The Global Humanitarian Overview (GHO) and appeal was launched yesterday, and I did not get my wish. In the launch of the 2018 GHO and appeal in December last year, I wished for fewer African countries appealing for humanitarian aid annually. In 2018 there were 21 countries appealing for aid and 13 of those countries were from Africa. For 2019, there are 21 countries appealing for humanitarian aid and 13 of the countries are in Africa. Nigeria, the potential economic giant of Africa, sadly is still one of the countries.
According to the launch `Yemen is once again the worst humanitarian crisis in the world while humanitarian needs will remain at exceptionally high levels in Syria, the Democratic Republic of the Congo, Ethiopia, Nigeria and South Sudan. Humanitarian needs have also worsened significantly in Afghanistan because of drought, political instability and an influx of returning refugees, and in Cameroon and the Central African Republic due to an upsurge of conflict and violence.’ Most humanitarian needs occur in long-lasting crises in which there has been limited progress in addressing root causes.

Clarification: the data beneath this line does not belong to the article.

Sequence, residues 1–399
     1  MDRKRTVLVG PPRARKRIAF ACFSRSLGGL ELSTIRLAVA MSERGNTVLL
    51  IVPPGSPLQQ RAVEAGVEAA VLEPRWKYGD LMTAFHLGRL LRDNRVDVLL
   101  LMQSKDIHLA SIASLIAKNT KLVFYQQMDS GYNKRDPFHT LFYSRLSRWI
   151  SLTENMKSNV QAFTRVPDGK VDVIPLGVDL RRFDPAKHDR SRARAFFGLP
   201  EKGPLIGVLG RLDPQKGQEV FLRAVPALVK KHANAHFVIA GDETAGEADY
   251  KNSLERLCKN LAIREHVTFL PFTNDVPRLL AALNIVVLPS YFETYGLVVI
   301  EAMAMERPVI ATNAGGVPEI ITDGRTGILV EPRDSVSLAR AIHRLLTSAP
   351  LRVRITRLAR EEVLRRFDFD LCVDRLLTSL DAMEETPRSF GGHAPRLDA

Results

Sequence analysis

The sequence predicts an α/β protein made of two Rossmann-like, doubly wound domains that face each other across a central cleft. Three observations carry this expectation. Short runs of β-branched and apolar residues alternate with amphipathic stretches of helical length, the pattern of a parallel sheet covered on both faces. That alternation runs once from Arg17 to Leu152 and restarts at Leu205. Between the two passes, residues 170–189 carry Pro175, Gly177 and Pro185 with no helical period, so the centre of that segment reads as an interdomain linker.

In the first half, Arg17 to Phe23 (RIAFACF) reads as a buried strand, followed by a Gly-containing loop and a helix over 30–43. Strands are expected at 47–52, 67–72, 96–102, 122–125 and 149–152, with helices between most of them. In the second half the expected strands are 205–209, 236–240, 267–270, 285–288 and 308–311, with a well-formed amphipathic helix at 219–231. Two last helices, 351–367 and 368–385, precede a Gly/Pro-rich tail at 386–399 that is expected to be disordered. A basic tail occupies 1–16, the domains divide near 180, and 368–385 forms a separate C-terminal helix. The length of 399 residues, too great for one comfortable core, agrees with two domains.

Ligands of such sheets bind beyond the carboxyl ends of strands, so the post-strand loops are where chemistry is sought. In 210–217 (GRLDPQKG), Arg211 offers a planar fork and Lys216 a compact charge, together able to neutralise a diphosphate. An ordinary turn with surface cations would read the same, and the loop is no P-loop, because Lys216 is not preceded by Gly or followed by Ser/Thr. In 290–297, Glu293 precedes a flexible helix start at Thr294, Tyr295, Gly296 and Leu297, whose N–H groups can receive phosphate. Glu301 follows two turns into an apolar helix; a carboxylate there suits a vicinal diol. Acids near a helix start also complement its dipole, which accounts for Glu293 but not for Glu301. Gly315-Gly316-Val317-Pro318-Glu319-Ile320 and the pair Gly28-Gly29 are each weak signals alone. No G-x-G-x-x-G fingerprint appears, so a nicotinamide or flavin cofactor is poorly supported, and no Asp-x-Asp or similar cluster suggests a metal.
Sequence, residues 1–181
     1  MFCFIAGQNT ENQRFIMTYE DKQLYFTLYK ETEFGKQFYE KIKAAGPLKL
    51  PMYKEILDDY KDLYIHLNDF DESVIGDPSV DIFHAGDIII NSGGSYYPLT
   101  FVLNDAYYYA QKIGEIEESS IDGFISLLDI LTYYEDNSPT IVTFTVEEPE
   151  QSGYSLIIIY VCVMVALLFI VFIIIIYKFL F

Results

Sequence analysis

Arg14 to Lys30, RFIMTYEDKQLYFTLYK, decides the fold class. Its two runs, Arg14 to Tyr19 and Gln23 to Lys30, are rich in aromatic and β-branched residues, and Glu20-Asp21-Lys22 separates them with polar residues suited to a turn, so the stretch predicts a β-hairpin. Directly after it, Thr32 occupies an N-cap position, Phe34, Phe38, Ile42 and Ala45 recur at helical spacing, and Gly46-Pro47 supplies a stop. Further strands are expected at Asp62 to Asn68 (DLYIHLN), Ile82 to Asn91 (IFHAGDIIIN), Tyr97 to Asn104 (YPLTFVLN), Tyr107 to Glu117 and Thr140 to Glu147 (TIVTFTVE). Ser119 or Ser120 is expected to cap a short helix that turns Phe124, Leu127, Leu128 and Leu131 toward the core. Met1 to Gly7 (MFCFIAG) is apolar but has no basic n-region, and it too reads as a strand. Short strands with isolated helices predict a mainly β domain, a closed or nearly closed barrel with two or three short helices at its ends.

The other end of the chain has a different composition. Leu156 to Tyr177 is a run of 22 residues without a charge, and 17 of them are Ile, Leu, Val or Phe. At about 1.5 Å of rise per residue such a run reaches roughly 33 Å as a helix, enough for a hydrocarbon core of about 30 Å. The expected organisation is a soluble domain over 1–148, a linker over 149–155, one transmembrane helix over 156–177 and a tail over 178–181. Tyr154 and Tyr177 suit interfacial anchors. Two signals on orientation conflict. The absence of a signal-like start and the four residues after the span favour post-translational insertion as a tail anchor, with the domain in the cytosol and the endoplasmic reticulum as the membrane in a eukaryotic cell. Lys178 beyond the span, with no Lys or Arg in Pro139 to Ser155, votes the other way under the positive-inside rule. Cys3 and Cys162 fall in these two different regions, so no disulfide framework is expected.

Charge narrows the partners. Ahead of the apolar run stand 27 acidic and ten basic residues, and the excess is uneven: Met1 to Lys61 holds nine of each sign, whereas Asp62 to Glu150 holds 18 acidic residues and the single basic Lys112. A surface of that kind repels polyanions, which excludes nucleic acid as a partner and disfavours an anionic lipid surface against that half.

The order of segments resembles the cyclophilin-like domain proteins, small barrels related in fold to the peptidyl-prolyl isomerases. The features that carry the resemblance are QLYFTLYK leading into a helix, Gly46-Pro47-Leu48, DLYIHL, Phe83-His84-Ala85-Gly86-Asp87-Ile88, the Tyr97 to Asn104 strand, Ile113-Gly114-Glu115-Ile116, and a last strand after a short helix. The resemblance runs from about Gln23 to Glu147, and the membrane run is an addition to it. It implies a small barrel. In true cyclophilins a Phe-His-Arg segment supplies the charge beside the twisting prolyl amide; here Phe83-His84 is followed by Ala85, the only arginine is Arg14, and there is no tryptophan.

Nigeria’s presence on the list of African countries appealing for humanitarian aid annually is not just a tragedy for the country, but for the region as well. When I was posted to Nigeria in 2012 – 2015 to support the national funded and led flood response and the onset of the northeast crisis, Nigeria was providing humanitarian assistance to neighboring African countries. Nigeria’s presence on the list breaks my heart as it means that a blossoming regional resource for disaster response is being eroded.
As has been the case for decades and is increasingly so, Africa remains the face of humanitarian aid appeals globally, and humanitarian appeals remain the main narrative through which many African countries are featured in the global domain.